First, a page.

New Mexico Operator Adapts To And Thrives In Change

Lexi Tucker
Posted on June 12, 2019

Deanna Ballard, CEO of World Travel Management

Deanna Ballard, CEO of World Travel Management

SANTA FE, N.M. — A lot has changed since the last time Deanna Ballard, CEO of World Travel Management, has been interviewed, but one thing hasn’t: Her ability to thrive in a business environment that’s constantly changing. She’s setting an example not just for females in the industry, but for those who desire to better themselves and their company.

On The Road Again

She chose to name her company World Travel Management to reflect her desire to take care of every kind of traveler, whether for business or pleasure. Sante Fe is a resort town, and tourism is a major source of business. She lived in Albuquerque for about 11 years, and moved to the Santa Fe area in 2014. “I wanted to do some event/destination management work, as well as help affiliates,” she says.

Originally running a fleet of all Mercedes-Benz vehicles, she’s since branched out to a variety of sedans, SUVs, vans, and a minibus for nine vehicles total. “We originally did a lot of work for the Four Seasons, and they used Mercedes-Benz so I wanted my fleet to compliment theirs,” she explains. However, 80% of the roads in Santa Fe are dirt, and she quickly learned using a Chevrolet Suburban is more effective. “It’s a little bit higher up, has four wheel drive which is great in the winter, and can handle destinations that might otherwise chew up tires.” She also has E-class sedans and a Sprinter. “We have to consider where our runs will take us and adapt accordingly.”

Climbing Tech Mountains

During her time in the industry, she says one of the biggest changes and challenges she’s faced is adapting to new technology; something many operators can certainly relate to. “When I first started, we were writing everything down and making our own email confirmations to send back to clients. Now here we are today with apps, software, and portals…I keep telling myself ‘change before you have to.’”

Tech has also brought about an interesting challenge other industries are struggling with in her service area as well: Lack of strong Wi-Fi and mobile connectivity. “Sometimes companies host events in really remote locations, so affiliates might say they are having a hard time reaching a chauffeur. In reality, it’s because the infrastructure just isn’t there.” The state also has a movie production tax incentive, but the lack of strong internet connectivity made it difficult for big productions to function. She says it was so bad at one point, the mayor of Santa Fe declared a national emergency for bandwidth and applied for federal funds to provide more.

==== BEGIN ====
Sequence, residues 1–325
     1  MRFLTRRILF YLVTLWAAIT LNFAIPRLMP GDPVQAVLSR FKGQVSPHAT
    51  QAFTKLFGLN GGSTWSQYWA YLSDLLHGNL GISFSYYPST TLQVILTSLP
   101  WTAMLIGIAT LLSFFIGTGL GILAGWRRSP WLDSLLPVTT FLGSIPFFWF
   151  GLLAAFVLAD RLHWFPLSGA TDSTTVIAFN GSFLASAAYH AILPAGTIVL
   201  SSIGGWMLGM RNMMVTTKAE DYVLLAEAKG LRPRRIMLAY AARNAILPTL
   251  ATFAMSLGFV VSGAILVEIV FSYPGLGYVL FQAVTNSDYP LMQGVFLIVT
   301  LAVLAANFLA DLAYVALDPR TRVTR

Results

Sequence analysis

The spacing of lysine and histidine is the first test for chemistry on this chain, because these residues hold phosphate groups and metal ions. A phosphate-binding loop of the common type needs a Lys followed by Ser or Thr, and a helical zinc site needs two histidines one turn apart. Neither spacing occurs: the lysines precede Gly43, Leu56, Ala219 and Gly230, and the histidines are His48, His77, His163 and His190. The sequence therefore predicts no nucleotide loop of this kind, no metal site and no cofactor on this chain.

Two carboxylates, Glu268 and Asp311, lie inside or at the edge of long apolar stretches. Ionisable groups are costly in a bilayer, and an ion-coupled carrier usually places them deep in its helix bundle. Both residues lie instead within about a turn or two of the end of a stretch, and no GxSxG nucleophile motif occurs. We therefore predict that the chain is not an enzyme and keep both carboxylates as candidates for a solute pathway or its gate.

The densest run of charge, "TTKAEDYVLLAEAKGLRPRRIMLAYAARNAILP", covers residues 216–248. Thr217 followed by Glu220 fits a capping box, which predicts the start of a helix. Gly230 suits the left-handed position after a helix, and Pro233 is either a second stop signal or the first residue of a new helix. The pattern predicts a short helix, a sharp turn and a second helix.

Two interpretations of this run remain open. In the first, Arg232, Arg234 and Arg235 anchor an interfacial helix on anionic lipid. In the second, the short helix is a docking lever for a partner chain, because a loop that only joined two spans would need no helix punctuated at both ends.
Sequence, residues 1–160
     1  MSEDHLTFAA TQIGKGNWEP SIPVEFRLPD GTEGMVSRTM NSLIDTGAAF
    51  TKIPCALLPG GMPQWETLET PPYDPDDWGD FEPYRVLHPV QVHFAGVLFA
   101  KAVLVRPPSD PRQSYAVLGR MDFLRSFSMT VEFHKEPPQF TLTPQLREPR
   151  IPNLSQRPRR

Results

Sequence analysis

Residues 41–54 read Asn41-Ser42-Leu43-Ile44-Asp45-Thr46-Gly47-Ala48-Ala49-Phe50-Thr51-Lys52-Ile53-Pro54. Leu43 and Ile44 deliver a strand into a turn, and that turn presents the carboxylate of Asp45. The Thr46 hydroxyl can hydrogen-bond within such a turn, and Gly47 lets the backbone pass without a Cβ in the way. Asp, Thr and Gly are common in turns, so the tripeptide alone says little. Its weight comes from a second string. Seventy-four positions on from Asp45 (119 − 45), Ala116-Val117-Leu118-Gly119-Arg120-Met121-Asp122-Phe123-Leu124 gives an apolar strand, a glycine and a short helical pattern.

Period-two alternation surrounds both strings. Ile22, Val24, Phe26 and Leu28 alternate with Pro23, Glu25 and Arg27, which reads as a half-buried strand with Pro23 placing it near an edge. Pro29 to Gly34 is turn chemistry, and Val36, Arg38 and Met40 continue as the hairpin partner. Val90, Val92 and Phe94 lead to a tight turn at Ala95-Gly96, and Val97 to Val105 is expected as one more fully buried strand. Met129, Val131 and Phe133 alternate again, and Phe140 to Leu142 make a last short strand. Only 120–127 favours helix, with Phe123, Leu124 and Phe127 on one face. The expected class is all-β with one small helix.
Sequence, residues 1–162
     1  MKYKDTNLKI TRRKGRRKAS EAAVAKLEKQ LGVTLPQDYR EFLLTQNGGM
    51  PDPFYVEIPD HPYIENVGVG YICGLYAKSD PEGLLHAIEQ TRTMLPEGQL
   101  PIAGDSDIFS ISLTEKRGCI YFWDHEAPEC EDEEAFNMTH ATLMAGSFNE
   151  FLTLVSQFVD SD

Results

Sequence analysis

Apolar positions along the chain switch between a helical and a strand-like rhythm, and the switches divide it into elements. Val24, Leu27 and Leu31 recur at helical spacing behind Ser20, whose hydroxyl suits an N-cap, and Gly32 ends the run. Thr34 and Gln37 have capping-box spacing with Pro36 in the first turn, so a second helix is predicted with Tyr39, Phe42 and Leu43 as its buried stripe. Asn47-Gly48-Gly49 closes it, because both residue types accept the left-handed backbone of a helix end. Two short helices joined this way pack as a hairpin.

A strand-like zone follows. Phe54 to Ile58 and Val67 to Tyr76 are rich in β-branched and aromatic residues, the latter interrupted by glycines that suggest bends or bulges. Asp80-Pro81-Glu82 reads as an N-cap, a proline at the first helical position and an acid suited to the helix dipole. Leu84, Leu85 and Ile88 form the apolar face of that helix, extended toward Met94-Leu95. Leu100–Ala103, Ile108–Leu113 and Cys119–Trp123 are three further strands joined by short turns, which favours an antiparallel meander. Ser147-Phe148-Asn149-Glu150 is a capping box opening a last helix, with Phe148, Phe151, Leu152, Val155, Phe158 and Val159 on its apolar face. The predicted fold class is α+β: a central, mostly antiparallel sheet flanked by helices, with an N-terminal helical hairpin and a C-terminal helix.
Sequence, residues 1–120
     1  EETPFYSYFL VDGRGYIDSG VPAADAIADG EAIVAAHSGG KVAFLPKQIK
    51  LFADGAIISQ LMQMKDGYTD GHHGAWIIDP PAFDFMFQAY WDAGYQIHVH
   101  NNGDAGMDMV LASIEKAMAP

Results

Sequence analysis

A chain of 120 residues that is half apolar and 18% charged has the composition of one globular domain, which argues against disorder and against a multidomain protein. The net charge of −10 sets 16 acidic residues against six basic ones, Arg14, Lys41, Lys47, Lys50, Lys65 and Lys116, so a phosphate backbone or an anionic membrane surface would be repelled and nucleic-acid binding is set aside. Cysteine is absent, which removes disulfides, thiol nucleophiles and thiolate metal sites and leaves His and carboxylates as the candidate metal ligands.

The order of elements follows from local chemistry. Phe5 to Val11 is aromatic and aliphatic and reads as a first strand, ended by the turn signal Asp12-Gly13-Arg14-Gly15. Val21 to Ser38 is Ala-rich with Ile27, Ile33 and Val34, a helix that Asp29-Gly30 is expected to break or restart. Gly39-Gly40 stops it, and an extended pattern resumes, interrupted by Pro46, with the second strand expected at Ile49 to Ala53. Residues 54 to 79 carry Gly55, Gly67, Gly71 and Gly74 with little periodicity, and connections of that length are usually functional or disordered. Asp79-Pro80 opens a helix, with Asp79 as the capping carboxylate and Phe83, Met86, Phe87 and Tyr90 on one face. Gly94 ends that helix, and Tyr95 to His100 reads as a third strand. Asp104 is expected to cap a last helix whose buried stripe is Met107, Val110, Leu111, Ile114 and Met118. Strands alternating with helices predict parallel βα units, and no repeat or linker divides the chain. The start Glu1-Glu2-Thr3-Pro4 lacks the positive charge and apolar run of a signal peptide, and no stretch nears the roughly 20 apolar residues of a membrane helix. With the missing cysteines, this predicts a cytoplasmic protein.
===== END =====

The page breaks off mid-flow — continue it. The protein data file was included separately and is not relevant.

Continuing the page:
Paving The Way For Future Female Leaders

Ballard considers where  runs will take a client and adapts accordingly.

Ballard considers where  runs will take a client and adapts accordingly.

Ballard says one of the best parts of being a woman business owner is interacting with older female clients. “Many of my customers in this area are older women, and there are plenty of times when I’m speaking to them and just see a look of admiration on their faces. It’s really inspiring when you tell them you’re the owner and they look at you almost in awe. They’ve seen the evolution of where women have progressed to today.”

Unfortunately, she still has experiences where she’ll be getting a car worked on and get the “honey, just let your husband explain that” reaction. “I’ll be getting tires and they’ll ask me, ‘ok, what department are you in?’ It’s like they automatically think there’s no way you’re the owner.”

However, she does think women in the luxury transportation industry have made great strides over the last few years. “People are starting to realize women rock in this industry. We need to let that develop and spread,” she says.

Don’t Get Discouraged

Working in the luxury transportation industry is a 24/7 job, and at times you can feel like you are handcuffed to it; but that doesn’t mean you should give up. “I don’t get angry or upset at the things I used to. If there is something that happens, you take that info and realize this is a lesson in how you can do things better the next time.”

She says she thinks it’s still a great industry to start in, and easy to get into. However, that doesn’t mean it’s easy work. “If you work hard, you can definitely make it happen in any city, no matter the size. Just remember: No matter what technology or cars you have, it all comes down to the service. If you can be of service, you can be successful.”

Related Topics: customer service, eNews Exclusive, New Mexico operators, small business, small-fleet operators, women in the industry

Lexi Tucker Senior Editor
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